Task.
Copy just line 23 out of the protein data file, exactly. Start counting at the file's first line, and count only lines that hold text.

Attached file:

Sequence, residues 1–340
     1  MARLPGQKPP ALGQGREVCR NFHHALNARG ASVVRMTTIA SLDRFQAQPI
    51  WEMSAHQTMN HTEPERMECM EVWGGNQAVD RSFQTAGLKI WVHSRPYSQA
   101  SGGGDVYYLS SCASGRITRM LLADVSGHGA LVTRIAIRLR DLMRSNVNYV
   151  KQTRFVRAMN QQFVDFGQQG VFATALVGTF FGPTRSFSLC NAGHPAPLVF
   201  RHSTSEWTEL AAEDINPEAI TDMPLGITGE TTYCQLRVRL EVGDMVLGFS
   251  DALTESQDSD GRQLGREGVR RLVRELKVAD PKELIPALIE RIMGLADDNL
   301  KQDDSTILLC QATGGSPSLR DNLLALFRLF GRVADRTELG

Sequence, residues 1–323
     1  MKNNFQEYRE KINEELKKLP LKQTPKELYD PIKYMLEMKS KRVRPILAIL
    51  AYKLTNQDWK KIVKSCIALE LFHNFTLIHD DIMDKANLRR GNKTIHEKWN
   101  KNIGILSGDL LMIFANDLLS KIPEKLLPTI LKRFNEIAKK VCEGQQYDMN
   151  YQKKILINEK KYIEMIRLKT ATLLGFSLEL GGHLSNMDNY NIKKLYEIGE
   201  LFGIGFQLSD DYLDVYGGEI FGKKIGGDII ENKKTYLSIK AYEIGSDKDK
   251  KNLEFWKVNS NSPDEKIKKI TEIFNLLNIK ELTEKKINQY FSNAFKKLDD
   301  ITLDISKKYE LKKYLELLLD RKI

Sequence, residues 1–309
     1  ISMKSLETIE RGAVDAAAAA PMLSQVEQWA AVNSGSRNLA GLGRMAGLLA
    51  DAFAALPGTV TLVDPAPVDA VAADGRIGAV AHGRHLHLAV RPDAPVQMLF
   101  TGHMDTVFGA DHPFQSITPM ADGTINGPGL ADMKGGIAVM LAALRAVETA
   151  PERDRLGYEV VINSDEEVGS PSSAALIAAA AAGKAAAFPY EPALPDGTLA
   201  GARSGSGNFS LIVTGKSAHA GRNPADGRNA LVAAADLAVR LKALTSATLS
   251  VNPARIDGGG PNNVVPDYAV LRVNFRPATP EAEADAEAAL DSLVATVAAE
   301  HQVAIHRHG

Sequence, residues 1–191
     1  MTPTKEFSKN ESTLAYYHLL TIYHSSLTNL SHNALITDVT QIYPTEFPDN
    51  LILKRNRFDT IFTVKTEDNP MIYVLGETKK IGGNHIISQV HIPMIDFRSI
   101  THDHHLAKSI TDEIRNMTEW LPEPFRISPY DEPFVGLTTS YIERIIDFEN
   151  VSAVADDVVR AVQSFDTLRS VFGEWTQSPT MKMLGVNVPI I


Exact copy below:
   251  VNPARIDGGG PNNVVPDYAV LRVNFRPATP EAEADAEAAL DSLVATVAAE